Running a ping check on so many addresses is not an easy task. Especially for a network like this. You need to send a very large number of packets per second so you can finish within a lifetime, but you need it to be slow enough to not have any packet loss (and therefore have hosts appear as “down” when they’re not). Also, in this particular network, a number of addresses is usually behind (very) slow links that can be measured in the Kb/s, so you don’t want to max out their connection speed. You also have another special part..
If you have a network that began around the same time as the Internet, and it is comprised of people like the ones of 44/8, you get to realize that it’s not treated like the Internet.
First of all, if you know that all the other people of the same hobby connect to you from a 44/8 address, you may have a firewall set to only allow connections from this network. That said, scanning from a “normal” / “Internet” address, outside of this network, may be blocked on a number of firewalls. So depending on your source address you may get different results.
You then run into another problem. Not all 44/8 is destined to be on the Internet. A large number of that network is private, and is only used internally, over wireless equipment on the amateur radio frequencies. You can’t access it by design from a normal connection. So you will probably need some way of being able to access these hosts as well.
Then you have a technology that is used by hams which is called an IPIP
Mesh. This is something that I’ve only seen
being used in 44/8 and essentially it has a list of all mesh peers (end users),
their public non-44 address, and all the networks that belong to them. Then,
all participants download this list frequently, and set up
n IPIP tunnels,
one for each other ham, and add a static route to their prefixes, which they
get from that list. It’s like hard-coding the entire routing table every few
minutes. There are some optimizations and tools to make this easier and not as
bad as it sounds but it’s more or less that, and allows for true mesh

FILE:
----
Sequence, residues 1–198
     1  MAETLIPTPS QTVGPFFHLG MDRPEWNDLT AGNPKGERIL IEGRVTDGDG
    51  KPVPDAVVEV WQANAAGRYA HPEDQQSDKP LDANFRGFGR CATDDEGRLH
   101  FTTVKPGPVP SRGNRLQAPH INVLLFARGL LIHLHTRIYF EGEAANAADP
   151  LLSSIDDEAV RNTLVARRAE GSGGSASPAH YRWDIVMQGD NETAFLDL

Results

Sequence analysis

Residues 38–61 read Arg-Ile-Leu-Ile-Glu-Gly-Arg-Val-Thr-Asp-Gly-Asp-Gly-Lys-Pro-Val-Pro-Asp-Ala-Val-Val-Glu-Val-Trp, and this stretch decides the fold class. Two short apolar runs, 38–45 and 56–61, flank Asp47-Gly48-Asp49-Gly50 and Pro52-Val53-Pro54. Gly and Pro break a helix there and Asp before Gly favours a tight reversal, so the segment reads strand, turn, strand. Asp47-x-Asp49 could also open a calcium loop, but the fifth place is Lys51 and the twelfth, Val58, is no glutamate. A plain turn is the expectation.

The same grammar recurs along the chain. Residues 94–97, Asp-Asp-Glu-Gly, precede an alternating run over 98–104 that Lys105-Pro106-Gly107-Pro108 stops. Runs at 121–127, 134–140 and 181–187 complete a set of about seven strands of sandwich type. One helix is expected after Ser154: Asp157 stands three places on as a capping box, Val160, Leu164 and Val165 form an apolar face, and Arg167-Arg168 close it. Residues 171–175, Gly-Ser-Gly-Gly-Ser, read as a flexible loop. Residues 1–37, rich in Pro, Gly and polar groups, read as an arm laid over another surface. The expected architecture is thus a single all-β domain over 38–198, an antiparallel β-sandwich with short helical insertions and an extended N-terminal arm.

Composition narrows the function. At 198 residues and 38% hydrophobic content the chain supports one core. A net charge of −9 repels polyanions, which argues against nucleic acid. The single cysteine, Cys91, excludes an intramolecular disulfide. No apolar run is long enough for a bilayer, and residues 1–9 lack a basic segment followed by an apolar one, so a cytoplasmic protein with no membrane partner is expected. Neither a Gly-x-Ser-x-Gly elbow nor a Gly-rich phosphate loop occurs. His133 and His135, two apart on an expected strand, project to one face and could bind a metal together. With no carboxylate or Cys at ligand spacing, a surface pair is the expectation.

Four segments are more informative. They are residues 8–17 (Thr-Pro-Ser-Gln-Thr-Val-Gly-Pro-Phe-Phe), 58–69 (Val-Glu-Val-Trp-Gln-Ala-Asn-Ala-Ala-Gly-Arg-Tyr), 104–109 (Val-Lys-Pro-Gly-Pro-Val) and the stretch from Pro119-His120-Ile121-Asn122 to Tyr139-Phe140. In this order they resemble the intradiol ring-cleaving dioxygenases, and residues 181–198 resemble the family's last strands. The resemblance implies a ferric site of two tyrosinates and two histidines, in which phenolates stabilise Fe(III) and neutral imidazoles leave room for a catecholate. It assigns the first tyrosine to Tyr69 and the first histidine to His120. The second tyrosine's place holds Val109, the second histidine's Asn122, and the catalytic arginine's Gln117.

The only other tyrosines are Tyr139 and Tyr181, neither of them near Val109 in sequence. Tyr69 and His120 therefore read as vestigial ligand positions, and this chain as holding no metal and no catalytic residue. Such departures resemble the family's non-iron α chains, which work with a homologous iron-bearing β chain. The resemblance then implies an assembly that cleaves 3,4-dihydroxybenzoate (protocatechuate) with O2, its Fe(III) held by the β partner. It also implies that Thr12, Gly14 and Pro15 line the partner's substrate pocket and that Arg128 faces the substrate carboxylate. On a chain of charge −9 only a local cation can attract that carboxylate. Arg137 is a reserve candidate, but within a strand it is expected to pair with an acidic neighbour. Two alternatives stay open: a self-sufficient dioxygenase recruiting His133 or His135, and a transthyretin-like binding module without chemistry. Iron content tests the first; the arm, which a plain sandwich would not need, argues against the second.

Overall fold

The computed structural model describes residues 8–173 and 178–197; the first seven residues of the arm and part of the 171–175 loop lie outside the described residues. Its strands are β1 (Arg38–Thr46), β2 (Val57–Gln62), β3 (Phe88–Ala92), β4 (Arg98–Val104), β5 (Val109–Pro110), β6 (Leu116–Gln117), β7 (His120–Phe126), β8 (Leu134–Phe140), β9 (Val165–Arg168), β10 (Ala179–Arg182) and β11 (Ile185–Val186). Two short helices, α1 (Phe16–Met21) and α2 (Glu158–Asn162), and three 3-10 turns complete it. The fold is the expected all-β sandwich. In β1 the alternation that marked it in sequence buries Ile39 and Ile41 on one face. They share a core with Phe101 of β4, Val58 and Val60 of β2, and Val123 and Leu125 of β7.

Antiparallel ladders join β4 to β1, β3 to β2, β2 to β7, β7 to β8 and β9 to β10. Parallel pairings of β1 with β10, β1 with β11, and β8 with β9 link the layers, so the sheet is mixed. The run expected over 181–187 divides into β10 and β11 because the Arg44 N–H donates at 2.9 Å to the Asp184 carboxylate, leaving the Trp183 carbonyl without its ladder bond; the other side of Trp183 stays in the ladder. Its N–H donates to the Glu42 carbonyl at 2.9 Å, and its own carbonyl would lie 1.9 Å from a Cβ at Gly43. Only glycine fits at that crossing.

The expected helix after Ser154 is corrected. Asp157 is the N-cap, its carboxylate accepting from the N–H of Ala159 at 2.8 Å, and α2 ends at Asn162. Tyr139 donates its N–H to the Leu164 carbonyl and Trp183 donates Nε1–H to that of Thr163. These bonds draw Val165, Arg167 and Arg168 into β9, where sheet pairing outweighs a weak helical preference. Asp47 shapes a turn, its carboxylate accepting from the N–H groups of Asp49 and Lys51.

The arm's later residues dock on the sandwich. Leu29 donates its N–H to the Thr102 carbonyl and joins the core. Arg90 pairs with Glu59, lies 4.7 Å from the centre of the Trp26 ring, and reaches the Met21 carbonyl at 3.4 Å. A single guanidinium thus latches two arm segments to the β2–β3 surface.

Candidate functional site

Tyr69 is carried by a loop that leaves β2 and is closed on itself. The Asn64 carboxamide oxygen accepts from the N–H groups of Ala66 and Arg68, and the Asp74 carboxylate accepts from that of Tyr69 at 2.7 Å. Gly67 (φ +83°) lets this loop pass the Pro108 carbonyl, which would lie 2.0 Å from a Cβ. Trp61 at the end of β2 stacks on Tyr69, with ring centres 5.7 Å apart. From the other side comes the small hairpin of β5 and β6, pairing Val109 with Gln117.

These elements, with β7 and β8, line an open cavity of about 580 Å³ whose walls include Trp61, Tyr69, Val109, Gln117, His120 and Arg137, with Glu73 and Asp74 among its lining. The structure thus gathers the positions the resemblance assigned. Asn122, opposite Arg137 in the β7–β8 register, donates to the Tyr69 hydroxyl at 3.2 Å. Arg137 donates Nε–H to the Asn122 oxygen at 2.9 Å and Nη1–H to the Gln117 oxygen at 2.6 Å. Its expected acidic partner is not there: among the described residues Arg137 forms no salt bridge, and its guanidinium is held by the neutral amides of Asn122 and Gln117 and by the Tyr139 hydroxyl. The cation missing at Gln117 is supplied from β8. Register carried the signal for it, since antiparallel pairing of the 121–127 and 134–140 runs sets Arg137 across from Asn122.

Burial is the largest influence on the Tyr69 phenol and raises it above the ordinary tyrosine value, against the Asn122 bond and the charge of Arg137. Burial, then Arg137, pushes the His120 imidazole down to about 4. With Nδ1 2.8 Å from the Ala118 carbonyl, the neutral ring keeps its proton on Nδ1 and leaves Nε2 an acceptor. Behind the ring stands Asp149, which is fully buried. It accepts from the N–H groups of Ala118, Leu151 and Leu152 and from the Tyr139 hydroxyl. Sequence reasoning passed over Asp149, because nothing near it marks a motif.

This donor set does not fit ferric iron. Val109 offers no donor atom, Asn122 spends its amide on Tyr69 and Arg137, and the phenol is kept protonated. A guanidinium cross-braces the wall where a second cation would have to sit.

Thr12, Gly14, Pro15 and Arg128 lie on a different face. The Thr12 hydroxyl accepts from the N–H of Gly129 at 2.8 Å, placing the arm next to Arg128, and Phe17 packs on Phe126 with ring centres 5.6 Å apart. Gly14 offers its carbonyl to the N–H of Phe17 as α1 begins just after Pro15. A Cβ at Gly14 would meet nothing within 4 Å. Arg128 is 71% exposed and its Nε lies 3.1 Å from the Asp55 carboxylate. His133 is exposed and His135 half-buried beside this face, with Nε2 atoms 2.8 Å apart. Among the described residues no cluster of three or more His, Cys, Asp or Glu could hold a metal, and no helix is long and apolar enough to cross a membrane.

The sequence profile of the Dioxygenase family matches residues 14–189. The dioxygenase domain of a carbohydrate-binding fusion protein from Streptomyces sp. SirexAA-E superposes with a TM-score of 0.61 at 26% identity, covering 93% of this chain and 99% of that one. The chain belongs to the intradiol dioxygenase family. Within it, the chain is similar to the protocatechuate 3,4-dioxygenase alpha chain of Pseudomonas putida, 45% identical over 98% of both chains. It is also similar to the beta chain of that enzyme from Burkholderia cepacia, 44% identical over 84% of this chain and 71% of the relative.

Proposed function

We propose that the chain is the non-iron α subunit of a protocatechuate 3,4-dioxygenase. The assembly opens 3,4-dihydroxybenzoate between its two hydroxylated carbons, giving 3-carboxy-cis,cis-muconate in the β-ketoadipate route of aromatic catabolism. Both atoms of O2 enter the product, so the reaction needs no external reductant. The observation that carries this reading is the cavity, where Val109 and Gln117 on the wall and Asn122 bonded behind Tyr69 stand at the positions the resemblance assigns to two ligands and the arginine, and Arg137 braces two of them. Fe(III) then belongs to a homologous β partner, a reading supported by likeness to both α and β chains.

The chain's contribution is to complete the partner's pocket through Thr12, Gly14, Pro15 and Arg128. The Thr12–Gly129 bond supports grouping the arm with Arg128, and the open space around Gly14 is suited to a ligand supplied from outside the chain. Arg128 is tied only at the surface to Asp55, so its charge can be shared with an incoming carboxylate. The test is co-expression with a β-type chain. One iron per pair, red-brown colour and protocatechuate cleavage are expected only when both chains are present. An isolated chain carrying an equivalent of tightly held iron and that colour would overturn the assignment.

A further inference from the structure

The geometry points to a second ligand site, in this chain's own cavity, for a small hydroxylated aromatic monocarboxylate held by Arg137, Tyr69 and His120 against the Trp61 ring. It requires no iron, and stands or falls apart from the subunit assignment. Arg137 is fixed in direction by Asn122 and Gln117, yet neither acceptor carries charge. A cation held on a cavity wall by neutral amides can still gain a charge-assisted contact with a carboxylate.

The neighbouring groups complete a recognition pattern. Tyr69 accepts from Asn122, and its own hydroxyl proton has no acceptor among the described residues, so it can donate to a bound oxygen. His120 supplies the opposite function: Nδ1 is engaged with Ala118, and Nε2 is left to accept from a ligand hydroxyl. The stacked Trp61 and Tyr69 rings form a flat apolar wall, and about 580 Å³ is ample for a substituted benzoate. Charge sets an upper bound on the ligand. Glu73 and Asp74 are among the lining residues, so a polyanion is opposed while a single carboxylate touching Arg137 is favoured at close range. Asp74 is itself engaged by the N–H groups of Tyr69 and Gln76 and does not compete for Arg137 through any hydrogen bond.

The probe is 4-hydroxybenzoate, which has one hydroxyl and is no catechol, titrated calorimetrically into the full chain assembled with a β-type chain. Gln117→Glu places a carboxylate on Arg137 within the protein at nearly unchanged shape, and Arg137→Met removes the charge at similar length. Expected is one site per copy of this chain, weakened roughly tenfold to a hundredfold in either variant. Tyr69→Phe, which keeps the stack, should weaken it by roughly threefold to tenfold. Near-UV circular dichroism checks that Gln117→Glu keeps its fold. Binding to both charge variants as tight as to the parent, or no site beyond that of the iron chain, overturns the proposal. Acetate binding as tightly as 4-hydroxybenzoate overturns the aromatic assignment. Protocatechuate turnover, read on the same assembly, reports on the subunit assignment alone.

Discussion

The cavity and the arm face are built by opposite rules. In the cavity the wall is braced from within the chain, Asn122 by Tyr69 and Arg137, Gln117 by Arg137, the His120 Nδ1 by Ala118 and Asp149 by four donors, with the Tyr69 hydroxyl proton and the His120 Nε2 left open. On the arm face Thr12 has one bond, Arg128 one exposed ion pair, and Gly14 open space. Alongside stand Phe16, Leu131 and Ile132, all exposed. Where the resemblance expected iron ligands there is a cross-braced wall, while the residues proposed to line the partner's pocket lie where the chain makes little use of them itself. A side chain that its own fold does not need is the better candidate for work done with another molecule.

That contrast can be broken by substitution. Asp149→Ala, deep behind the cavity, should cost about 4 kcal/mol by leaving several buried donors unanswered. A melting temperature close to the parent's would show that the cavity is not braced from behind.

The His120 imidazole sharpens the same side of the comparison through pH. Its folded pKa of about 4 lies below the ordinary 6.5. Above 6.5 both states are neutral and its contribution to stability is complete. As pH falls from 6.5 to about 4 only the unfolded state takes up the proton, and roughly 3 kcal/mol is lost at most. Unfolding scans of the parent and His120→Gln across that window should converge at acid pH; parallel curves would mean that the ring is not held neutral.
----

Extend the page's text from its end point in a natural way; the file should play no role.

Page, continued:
connectivity between all peers. Having access to this mesh is important, and
also requires the run of regular pings to account for public IP changes of
participants where IPIP traffic may be dropped.
For the first run, I tried to ping the entire 44/8 using a normal IP Address in
184.108.40.206/22 range. This would help us see what is visible for everyone,
on the Internet. I did not scan Amazon’s IP space as it would be out of
scope for this post. That being said, I also did not scan the German part that
is now AWS, as from any Internet-based network it would go to AWS.
The resulting image can be seen here. Of course, click on it to see that in full screen if you’d like.
As you can see, the actual usage over the entire /8 is minimal from the viewpoint of an Internet-connected host. The total number of addresses that responded to the ping check is in the low thousands. They’re mostly focused on a handful of /16’s. I reran the scan slower and also at multiple times in the future and the changes were not significant – in the low tens.
The second experiment involved scanning from a host that had the best connectivity possible: it was connected to the Internet, to HAMNET, to IPIP Mesh, and in general was present in all of the possible locations. This would produce the best results as it can “see” the most amount of 44/8 possible. I need to thank Jann (DG8NGN) for providing me with this host and saving me the trouble of having to set up IPIP Mesh ;) By carefully modifying the routing table of the host, we were able to achieve a scan of the Germany-in-AWS space without sending any traffic to Amazon.
You can see the hosts that are alive here on the following image, which you can click to view in full resolution. If you do, there may be an Easter Egg there for you.
It’s not like everything suddenly lit up but if you look at countries like Germany or The Netherlands, you can finally see hosts! Those countries are just some of the ones that only appear on the non-Internet version of 44/8. In fact, more than 75% of the addresses do not appear on the public Internet, but are only accessible (at least to pings) from other hams only.
A curious case was The Netherlands. They had a firewall set up for their entire
/16 that blocked you for some amount of time if you sent traffic to a (large)
number of addresses. So if I sent any packets to e.g.